“Where is that drip coming from?”
Recently while in the staff kitchen, waiting a few minutes for my mug of tea to properly infuse – yes, I am that British – my absent minded thoughts were distracted by a repeating sound.
I looked over at the sink.
Nothing fell from the
tap faucet (Ok, I’m British but most of my readers are American). So where is it coming from, I thought? I turned around and moved within the space of the kitchen trying to get a more localised area of where the source sound originated.
It almost certainly seemed to be emanating from the corner where the sink was, but I checked underneath the faucet and it was bone dry. I looked up to the ceiling and there was nothing. Puzzled, I stared intently at the plug hole.
Bingo! There was a build up of water in the complex plug hole that was dripping internally into the drain’s U-bend.
And I felt a wave of relief, picked up my perfectly brewed tea and left the kitchen.
Evolution and Metacognition
But then a thought struck me. If I hadn’t found the source of the noise so easily would I still be in the kitchen now futily searching? Or would I have left with the mystery preying on my mind?
The knowledge of where that sound, that drip, was coming from is completely useless. I could gain absolutely no advantage from knowing its location yet I was compelled to find out and felt satisfied when successful.
Humans have evolved to be curious. Indeed, our desire to know and understand has been instrumental in making us the most dominant species in the world. The greatest trick we learned though is that of meta-reasoning. Not only do we know we have an insatiably curious nature, we understand why.
Control Your Curiosity
So often as programmers we want to solve problems and understand technologies. We thrive on it and it helps us be more effective practitioners of software development. But just as frequently we’re figuratively walking around the kitchen trying to work out where the sound is coming from.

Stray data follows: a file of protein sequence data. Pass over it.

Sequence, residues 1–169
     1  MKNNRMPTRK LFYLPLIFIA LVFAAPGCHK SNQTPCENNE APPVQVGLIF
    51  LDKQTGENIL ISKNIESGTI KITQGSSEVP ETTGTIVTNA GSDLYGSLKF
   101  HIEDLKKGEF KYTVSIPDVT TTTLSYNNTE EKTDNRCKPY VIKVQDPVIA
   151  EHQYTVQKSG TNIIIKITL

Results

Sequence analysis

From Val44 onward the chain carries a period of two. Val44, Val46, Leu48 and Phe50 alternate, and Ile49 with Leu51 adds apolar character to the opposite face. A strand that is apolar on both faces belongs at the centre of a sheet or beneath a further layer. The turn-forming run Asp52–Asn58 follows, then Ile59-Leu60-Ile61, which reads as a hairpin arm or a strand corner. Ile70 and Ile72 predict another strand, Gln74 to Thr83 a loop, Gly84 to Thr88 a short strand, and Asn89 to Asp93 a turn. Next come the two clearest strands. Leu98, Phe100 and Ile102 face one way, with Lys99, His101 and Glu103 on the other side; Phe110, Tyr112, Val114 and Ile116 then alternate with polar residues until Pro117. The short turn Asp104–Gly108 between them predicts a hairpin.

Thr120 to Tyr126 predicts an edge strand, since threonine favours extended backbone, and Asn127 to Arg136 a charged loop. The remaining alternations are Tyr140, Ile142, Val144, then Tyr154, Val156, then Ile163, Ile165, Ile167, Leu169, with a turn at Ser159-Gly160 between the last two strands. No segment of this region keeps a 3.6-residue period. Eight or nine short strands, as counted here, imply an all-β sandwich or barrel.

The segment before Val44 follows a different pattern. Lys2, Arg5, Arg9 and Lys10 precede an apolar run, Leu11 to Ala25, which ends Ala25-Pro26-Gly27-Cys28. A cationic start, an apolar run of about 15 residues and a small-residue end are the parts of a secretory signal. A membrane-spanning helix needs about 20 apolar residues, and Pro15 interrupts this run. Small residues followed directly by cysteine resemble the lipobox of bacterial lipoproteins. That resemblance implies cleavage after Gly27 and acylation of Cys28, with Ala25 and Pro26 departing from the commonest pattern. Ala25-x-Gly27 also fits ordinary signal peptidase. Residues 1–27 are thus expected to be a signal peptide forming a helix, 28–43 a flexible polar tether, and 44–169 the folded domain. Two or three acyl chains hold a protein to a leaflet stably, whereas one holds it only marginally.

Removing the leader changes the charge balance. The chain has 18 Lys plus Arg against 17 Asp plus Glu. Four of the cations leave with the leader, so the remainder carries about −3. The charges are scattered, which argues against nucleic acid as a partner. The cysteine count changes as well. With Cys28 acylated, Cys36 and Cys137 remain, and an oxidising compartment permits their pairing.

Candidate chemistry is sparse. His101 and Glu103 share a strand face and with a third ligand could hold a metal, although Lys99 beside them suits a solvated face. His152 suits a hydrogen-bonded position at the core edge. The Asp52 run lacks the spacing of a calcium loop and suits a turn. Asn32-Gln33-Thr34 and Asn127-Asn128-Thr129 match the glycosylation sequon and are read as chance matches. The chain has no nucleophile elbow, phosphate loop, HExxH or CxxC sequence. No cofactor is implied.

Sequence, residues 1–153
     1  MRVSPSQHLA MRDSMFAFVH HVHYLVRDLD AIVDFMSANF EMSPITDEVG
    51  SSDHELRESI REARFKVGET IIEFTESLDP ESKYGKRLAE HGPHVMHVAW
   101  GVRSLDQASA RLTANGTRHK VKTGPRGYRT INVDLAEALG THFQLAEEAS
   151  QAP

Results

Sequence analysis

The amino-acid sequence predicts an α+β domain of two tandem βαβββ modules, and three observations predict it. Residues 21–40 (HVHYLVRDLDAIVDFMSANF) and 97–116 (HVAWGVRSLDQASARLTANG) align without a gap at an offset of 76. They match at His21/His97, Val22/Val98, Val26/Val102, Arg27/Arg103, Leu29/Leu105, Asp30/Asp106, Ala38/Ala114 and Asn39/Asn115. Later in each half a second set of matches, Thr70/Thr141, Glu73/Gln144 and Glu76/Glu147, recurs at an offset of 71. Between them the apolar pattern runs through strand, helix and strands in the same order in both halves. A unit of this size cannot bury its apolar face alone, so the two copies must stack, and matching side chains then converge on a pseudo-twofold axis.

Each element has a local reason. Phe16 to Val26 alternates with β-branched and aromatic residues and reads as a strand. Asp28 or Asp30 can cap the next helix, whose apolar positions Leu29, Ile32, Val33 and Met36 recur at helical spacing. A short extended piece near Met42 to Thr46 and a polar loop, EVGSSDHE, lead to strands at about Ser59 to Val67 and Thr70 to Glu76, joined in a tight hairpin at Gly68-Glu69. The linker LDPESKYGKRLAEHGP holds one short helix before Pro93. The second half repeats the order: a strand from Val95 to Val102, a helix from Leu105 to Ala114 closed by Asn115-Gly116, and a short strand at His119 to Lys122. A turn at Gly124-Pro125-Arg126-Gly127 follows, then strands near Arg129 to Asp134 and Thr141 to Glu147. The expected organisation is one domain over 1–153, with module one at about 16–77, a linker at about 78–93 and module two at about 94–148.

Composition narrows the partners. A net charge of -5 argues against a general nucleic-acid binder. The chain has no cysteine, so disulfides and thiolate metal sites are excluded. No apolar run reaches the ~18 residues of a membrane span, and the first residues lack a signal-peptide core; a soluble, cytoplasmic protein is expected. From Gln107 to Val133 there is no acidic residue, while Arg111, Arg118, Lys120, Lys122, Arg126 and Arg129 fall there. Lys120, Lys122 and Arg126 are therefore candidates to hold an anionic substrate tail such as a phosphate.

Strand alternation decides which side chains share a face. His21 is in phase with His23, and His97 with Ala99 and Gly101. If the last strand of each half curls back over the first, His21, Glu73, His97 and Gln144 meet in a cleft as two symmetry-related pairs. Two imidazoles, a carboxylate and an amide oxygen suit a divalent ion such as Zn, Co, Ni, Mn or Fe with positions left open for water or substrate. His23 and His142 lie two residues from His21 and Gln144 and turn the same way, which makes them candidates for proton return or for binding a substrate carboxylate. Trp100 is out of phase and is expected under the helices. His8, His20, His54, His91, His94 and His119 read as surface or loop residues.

You worked out when that process was getting launched, how to setup a database reporting layer to see the order of server requests, constructed a complex event log filter to see when your app started paging. And after you understood everything you felt better because that’s how we’ve evolved.
Next time you find yourself attacking a problem with gusto because you want to find the answer to something, ask yourself, “Why do I need to know this?” “What would happen if I never found the answer to this problem?” If your answers are, “I don’t really need to, I suppose.” and “It would annoy me.” you have a different problem to address.
Rounding out your existing knowledge and gaining a better understanding of complex systems can be beneficial undertakings. But there is limited time in the world and when your curiosity is driving, it’s picking things on autopilot – not the most pressing or valuable problem. You need to fight evolution. You need to tell yourself that while your body wants you to spend time and energy finding the answer, the answer is of no use to you.
Walk away from the problem and do something more productive. I recommend making a cup of tea.